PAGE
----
Posted by: Kathryn Hulick | October 16, 2009

Tip Top Street

New Boston, NH. April, 16 2007.

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The day the flood came to Tip Top street, I decided to leave town.

I put on my best red sweatshirt, stuck some string cheese and pistachio nuts in my pockets, and grabbed an umbrella. I’d head for the highway. Hitch a ride, and be outa-there-foreva, thank you very much.

Who wants to stick around a place where your best friend thinks you’re a joke and your only family is a batty old aunt with a voice (and face) like a hyena’s.

That’s her, up on the roof. Shouting like it might stop me.

It won’t.

It’s been raining six days straight now. The first they said it was a passing shower. The second they started talking records. The third, the neighbors got a truckload of plywood and started building an ark. Not kidding!

My best friend–remember him? The one who can’t take a thing I say seriously?–went over and asked if they wanted help, and he really meant it. He wouldn’t help me when I wanted to build a scaled down replica of fort Knox in the backyard.

I think I’ll head for Florida. It’s warm there. I could get a job at Disney, maybe. Be Sneezy from the Seven Dwarves or Dumbo or that Warthog from the Lion King. There can’t be too many people trying out for jobs like that, right?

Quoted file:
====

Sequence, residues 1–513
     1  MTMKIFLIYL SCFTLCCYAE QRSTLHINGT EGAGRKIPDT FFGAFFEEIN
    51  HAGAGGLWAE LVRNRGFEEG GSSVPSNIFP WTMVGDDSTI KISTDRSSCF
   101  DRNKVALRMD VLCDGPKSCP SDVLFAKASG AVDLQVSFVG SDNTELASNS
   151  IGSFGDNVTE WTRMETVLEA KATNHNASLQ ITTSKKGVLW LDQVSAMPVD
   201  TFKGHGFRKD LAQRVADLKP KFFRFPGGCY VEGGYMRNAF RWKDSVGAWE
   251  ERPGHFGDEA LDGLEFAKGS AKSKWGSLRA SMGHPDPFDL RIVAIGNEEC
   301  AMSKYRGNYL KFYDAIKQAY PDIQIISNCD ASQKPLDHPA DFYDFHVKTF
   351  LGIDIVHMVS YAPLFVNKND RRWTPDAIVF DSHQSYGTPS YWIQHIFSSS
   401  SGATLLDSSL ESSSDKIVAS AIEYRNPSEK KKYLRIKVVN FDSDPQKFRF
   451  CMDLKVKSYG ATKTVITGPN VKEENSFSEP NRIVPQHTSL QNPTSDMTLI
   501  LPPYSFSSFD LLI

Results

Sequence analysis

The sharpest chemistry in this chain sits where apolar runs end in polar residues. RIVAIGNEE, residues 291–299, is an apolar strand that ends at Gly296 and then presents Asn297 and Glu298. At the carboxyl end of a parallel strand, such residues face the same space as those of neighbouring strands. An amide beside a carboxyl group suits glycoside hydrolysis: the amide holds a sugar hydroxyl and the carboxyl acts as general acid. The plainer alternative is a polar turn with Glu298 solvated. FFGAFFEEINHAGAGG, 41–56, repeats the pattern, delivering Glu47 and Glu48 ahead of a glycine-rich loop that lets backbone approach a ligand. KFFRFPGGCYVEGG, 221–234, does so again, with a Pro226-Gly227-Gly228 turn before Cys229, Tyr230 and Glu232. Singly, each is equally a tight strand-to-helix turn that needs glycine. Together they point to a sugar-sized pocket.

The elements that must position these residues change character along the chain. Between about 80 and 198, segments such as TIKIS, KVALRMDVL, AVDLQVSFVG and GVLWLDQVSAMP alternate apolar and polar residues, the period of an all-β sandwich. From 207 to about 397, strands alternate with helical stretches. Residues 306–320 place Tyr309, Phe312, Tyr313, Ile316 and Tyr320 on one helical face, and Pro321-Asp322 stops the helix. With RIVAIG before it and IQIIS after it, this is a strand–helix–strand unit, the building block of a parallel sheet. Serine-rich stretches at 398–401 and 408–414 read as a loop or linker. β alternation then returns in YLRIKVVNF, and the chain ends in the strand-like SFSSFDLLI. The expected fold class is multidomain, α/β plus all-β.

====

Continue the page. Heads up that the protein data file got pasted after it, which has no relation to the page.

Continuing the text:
The problem with the flood was, Tip Top street had become an island. As you might have guessed from the name, my street is at the top of the biggest hill in town. And the water was washing right up over the road. My aunt had carried all her precious china dalmations up to the attic over the last few days. I lugged the furniture and electronics. And I hope the rain eats all that crap up, thank you very much, chomps on our ancient TV, and spits out the pieces.

I stepped into the sea surrounding the street. It wasn’t too deep – not yet at least. Within a dozen yards, I was swimming – using the umbrella to keep tabs on the road down below. Pistachio nuts floated up and out of my pockets, but the cheese seemed fine in its plastic packets. I stopped on a floating log to have a snack, and that’s when she happened by.

She was wearing a purple raincoat and bright orange boots. She was rowing a metal boat, and singing “Baby Beluga’ at the top of her lungs. Did she know that was my favorite song as a kid? The one my mom and dad used to play for me before they both disappeared mysteriously when I was only three?

“You swim so wild and you swim so free!” She shouted, swinging the boat around to pull up next to the log. “Need a lift?”

“Only if you’re going away from Tip Top street.” I said.

“This is the Beluga express. We can take you anywhere you need to go, as long as its over water.”

“How about Florida?”

She smiled and reached out her hand to pull me in.

“Welcome aboard.”

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Responses

  1. interesting

  2. cute story, Kathryn!


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